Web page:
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Photos by Suzanne Monteverdi/QNS
Photos by Suzanne Monteverdi/QNS
P.S. 94's RoboPandas

After competing against over 60 of the best teams from the five boroughs, a team of bright Little Neck kids brought home a top prize.

On March 11, P.S. 94’s RoboPandas competed at the New York City First Lego League Robotics Championship and took home the first place “Teamwork Award,” which recognizes a group “that is able to accomplish more together than they could as individuals through shared goals, strong communication, effective problem solving and excellent time management,” according to the league website.

Team members Kellen Yu, Andre Wang, Lily Lu, Ava Jack, Anthony Arias, Silvia Jun, Nolan Reinhardt and Eric Leem worked for months in preparation. At the championship, the group of fifth-grade students vied for a top prize against teams who were one, two and even three years older.

The team was able to secure the Teamwork Award by best adopting the league’s core values, which include respect, inclusion and gracious professionalism.

“We managed to get all ‘exemplary’ [scores] on our core values,” Eric Leem told QNS. “Research and robotics were great too … But we’re still proud of what we got. It didn’t matter about us winning; it just mattered what we did and the experience.”

“Winning an award — never mind first place — out of 64 teams was a bit surprising; but nonetheless, it was very exciting,” Lily Lu added.

Since the beginning of the school year, students worked together on a research project and robot design, all while learning to work together as a team. Team members found that, as their team found success, they also saw their individual grades improve.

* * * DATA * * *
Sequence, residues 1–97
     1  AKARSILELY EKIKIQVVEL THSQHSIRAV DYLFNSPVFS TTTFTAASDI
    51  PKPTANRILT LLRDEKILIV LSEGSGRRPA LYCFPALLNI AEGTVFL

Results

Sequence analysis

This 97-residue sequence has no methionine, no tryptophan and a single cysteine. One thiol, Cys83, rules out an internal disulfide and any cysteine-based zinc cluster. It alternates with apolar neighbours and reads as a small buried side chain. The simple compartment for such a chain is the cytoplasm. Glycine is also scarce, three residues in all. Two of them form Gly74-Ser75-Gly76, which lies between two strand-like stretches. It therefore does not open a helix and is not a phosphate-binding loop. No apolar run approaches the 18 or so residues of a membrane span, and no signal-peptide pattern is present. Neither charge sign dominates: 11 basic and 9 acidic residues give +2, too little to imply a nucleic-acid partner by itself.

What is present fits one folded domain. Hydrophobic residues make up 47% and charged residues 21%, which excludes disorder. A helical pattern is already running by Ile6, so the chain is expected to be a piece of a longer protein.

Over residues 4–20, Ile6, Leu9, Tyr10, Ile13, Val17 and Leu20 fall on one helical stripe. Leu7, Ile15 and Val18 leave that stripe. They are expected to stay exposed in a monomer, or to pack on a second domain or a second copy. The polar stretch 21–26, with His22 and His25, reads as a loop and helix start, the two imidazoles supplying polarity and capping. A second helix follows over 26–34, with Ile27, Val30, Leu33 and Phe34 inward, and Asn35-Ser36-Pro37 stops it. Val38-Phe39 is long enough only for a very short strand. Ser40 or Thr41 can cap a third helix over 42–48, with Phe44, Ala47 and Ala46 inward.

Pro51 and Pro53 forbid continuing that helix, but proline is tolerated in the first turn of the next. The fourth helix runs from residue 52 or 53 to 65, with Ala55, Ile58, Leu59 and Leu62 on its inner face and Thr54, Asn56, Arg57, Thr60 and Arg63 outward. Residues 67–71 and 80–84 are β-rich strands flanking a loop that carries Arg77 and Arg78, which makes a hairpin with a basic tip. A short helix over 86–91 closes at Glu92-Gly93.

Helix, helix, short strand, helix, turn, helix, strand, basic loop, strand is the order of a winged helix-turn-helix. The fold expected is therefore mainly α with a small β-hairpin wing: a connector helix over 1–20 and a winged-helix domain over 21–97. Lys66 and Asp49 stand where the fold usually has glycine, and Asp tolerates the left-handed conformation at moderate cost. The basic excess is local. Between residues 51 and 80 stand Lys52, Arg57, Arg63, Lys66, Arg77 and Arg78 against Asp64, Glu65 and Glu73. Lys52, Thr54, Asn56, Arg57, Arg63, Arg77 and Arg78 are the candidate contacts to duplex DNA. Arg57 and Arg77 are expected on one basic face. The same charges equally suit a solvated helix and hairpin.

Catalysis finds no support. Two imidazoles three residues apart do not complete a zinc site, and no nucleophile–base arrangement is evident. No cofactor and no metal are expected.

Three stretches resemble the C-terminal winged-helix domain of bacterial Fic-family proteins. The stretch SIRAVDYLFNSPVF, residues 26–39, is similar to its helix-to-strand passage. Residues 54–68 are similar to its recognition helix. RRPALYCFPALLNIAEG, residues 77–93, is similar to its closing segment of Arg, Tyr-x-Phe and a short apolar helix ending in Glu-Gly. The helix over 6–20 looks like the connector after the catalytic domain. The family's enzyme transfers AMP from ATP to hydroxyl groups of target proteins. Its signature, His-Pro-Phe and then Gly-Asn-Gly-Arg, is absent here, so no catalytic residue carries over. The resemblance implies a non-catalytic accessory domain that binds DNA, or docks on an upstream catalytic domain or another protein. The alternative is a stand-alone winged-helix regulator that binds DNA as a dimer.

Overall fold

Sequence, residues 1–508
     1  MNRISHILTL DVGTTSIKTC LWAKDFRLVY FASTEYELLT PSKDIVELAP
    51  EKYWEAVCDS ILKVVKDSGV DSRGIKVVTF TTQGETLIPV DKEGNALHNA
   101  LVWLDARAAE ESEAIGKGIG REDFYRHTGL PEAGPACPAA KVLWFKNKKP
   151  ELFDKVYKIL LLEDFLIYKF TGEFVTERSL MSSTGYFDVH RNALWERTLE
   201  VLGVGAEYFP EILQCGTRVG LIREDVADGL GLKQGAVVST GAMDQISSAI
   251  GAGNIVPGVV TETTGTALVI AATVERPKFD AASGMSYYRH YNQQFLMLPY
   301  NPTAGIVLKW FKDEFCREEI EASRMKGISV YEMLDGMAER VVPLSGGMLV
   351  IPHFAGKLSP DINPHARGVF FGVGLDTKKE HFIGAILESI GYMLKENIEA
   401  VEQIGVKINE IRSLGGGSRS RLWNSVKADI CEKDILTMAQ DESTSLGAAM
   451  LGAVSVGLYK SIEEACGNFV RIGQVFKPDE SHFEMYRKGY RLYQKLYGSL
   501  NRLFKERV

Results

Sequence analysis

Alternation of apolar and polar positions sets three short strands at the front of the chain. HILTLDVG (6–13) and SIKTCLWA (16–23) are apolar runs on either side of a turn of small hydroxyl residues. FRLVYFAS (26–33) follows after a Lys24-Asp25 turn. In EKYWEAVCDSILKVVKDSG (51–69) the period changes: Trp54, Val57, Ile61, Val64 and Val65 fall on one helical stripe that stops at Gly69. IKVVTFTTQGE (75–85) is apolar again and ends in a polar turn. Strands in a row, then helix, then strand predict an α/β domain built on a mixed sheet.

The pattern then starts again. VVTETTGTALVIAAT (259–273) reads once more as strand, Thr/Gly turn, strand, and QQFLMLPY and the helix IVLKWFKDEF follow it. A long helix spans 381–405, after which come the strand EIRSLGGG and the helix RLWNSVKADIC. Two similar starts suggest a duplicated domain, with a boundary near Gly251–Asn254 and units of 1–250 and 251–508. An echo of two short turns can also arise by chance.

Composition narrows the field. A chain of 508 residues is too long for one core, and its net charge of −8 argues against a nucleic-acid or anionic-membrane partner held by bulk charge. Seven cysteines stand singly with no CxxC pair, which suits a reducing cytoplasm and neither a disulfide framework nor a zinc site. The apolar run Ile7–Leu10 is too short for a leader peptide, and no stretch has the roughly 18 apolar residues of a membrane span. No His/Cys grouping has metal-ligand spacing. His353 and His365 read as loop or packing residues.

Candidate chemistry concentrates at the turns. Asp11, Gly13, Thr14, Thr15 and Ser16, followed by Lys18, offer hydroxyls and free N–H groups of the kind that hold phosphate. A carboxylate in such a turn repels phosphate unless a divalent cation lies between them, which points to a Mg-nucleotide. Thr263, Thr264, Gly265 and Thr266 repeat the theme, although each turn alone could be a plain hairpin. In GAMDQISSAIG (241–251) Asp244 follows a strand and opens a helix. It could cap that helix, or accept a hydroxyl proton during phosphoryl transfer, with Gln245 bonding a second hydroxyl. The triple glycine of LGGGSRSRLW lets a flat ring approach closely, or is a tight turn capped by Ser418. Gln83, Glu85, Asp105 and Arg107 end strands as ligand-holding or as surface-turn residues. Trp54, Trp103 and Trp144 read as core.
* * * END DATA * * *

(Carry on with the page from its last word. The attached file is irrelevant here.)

“This has really helped me with my science and my imagination,” Silvia Jun said. “During the project, we had to think of all sorts of unique ideas. And I think if I were to every become a scientist — which I have a high chance of doing — these skills would be very important and useful to me.”

Team member Ava Jack said the experience has opened her up to making new friends.

“When I was in third grade, I wasn’t mostly interested in making friends; I was mostly interested in doing school work,” she said. “But then, when I got into Lego League, I started seeing myself improve. When I first got here, I was more likely on the side instead of in the conversation. But as I began to grow, I began to make more friends along the way.”

The students have come a long way since the beginning of the school year, coach and teacher Ellie Glus said.

“Recently, one of them said to me, ‘I want to change the world,'” she said. “I almost cried.”

Following their big win, Councilman Paul Vallone presented each team member with a City Council citation and proclamation.

The team earned their “golden ticket” to advance to the citywide championship at a qualifier on Feb. 3. Students spoke with QNS about their research project and robot design prior to the competition.

The RoboPandas and coach, Ellie Glus

The RoboPandas and coach, Ellie Glus

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